Gayle joined Bermans in August 2017 and is a Litigation Executive in the Asset Based Lending team.
She has over 25 years experience of producing and managing court process for a variety of commercial clients and has worked extensively for clients in the asset based finance market.
Gayle predominantly deals with undefended and process driven claims.
t: 0161 827 4615
In one of the most important legal decisions in recent years in the employment field, the Supreme Court has allowed the appeal of UNISON in its challenge to the introduction of employment tribunal fees.
If you’re a fan of the Peter Kay show, Car Share, you’ll have seen the perfect sickie in the making. John’s car share buddy, Kayleigh, calls into work. She feigns a stomach bug with great aplomb, while John looks on. It’s all part of her plan to lure John, who happens to be the assistant manager in the store where they both work, to the safari park for the day.
Elmore v The Governors of Darland High School
In most unfair dismissal cases, an employer will put its dismissing officer and its appeal officer in the witness box. It makes sense to give the tribunal a full account of what happened at each stage and why. But this case shows that a fair dismissal may be found even where the appeal officer does not give evidence.
Charlesworth v Dransfields Engineering Services Ltd
Mr Charlesworth, a branch manager, took a period of sick leave after developing cancer. His employer had been looking to make cost savings, and during Mr Charlesworth’s absence the business identified the possibility of a restructure that would delete his job and save the business up to £40,000 a year.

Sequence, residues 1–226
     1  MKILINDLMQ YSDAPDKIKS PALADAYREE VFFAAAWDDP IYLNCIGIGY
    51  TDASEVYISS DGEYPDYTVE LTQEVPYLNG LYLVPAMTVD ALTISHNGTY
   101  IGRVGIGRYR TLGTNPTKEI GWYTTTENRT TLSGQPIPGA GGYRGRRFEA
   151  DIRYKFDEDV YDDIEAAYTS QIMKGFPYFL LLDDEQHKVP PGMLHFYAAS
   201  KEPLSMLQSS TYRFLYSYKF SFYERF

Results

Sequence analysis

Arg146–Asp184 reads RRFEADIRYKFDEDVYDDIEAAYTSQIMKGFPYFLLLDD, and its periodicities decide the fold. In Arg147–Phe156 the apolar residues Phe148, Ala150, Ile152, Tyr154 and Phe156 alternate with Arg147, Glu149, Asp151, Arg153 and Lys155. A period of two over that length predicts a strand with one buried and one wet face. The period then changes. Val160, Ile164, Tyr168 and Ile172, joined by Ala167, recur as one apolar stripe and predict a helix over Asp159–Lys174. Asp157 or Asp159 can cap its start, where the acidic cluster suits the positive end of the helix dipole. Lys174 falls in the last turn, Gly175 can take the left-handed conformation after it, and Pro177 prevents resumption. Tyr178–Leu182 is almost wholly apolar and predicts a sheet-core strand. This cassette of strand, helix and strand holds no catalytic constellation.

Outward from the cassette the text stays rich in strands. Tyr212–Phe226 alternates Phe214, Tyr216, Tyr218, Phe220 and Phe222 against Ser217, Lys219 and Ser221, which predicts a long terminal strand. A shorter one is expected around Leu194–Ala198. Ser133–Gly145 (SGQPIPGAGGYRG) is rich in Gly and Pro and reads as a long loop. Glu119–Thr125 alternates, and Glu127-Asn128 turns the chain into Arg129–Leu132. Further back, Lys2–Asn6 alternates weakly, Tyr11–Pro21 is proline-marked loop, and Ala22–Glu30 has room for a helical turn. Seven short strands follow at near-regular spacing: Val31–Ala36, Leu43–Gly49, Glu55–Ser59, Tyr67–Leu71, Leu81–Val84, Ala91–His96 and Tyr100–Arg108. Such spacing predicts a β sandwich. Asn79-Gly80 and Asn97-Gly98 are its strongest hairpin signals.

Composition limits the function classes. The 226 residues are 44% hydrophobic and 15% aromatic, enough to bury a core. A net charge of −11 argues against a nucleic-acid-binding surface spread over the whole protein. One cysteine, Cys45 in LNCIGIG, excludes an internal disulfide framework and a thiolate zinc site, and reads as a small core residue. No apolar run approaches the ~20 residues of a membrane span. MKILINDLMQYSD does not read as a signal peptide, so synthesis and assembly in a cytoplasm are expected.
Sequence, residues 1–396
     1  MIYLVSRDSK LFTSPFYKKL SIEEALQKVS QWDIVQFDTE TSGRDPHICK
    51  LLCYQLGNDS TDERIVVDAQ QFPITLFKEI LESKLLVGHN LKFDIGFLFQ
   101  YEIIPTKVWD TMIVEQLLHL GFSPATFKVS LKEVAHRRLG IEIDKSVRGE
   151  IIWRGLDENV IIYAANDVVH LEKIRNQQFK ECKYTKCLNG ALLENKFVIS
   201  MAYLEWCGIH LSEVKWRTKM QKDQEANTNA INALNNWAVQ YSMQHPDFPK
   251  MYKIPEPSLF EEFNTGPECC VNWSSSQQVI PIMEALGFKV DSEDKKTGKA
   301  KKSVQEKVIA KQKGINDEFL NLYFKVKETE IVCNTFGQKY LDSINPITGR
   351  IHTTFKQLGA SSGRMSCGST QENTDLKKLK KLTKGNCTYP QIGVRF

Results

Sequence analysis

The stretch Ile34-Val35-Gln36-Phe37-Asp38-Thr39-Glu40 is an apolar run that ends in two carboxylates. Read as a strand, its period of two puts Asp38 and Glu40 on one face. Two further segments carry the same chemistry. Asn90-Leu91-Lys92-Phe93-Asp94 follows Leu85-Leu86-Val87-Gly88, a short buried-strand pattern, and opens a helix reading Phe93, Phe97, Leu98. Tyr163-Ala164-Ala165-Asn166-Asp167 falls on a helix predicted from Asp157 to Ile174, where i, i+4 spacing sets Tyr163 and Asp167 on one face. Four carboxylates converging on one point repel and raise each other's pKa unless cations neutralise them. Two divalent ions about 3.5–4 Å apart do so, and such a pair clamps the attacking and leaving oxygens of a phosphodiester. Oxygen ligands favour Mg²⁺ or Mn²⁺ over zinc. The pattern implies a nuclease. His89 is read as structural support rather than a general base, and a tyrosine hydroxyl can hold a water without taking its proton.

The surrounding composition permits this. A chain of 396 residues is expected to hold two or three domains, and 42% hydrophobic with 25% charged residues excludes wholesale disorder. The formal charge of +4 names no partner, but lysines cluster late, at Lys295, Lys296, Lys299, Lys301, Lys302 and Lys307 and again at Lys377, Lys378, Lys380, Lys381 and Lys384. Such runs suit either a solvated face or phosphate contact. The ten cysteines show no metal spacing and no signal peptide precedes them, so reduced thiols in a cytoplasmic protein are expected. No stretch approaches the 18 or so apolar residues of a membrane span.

Kinnear v Marley Eternit Ltd t/a Marley Contract Services
Mr Kinnear was taken on by Marley under a four-year apprenticeship during which he was trained in roofing.
A downturn in workload led to his dismissal for redundancy despite his contract having 122 weeks left to run. He could not find another company to take him on, and so was not able to finish his apprenticeship.
Gnahoua v Abellio London Ltd
Employees have the right to be accompanied by a colleague, or a trade union representative or official at a disciplinary hearing. An employer who breaches this could face a tribunal claim and the possibility of having to pay compensation of up to two weeks’ pay.
The Government Legal Service v Brookes
Psychometric testing has long been a way of assessing the aptitude of job applicants. But this tick-box test, marked by computers, doesn’t necessarily provide a level playing field.
Ms Brookes has Asperger’s Syndrome. She applied for a job as a trainee lawyer in the Government Legal Services (GLS). The first stage of the recruitment process was a multiple-choice test, known as a Situational Judgment Test (SJT). Ms Brookes asked if she could respond by giving short narrative written answers. (The tribunal went on to find that, as a person with Asperger’s, she lacked social imagination and would have difficulties in imaginative and counter-factual reasoning in hypothetical scenarios.) GLS refused.
Focus Care Agency v Roberts
Certain industries, perhaps most notably the care industry, rely on workers being on-call; sometimes even sleeping at work so that they’re on site and available to help if needed. The perennial question, for employment law purposes, is whether these workers are ‘working’ – and entitled to the rights that go with that (not least the National Minimum Wage) – for the entire time, and not just when they are awake and attending to duties.
‘FinTech’ or financial technology is a phrase increasingly used in the media, the finance sector and the business world in general. In the broadest sense, financial technology is any technology that is used and applied in the financial services sector which improves the delivery of financial services. But what does that mean and why should you care that it is one of the fastest growing areas for venture capitalists or that the sector generated almost £7billion revenue in 2016?